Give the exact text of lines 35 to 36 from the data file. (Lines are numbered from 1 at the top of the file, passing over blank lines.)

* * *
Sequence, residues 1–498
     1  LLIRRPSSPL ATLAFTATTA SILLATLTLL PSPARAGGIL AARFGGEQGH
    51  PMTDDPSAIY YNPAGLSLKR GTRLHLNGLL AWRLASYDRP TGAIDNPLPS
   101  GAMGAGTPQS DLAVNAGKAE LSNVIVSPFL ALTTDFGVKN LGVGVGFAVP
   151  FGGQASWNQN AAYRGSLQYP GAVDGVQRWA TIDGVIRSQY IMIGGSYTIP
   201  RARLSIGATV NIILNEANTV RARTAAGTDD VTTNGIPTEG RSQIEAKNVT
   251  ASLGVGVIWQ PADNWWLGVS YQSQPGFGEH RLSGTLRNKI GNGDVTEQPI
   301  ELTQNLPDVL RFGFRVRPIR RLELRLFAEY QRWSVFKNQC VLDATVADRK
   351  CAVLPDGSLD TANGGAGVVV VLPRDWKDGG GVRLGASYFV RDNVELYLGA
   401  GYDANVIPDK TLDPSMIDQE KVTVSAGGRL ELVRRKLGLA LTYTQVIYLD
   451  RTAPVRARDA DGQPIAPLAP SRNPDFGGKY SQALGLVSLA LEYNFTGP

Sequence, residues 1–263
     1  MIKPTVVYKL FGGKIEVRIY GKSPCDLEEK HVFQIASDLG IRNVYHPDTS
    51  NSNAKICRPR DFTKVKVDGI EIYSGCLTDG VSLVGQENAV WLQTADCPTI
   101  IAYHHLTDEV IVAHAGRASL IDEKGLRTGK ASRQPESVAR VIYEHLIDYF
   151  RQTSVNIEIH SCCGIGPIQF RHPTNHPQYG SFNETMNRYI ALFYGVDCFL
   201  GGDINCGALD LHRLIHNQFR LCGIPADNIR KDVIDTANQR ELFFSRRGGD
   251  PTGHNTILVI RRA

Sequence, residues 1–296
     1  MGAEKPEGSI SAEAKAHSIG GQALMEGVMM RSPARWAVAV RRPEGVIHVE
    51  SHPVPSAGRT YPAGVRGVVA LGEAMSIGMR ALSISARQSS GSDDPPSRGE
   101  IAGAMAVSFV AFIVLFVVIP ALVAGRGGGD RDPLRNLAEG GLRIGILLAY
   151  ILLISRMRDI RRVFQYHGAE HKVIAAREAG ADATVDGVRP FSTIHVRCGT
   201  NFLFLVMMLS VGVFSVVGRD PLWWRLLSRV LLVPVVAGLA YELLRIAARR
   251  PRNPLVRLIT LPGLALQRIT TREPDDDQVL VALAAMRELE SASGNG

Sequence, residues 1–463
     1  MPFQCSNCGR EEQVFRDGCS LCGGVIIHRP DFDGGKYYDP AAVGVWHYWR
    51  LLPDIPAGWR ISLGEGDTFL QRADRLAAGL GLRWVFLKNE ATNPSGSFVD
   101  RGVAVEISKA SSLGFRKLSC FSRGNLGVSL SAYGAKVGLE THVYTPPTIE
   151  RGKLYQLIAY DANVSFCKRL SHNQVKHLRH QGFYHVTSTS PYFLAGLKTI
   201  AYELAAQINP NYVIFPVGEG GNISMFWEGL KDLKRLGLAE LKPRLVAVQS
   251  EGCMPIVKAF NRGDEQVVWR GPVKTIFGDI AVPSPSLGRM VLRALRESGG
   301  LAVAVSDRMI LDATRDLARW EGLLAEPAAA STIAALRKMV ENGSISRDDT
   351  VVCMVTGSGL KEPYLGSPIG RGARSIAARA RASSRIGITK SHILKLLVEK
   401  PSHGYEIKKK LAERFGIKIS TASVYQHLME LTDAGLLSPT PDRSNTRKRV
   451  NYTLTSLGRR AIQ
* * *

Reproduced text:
   401  PSHGYEIKKK LAERFGIKIS TASVYQHLME LTDAGLLSPT PDRSNTRKRV
   451  NYTLTSLGRR AIQ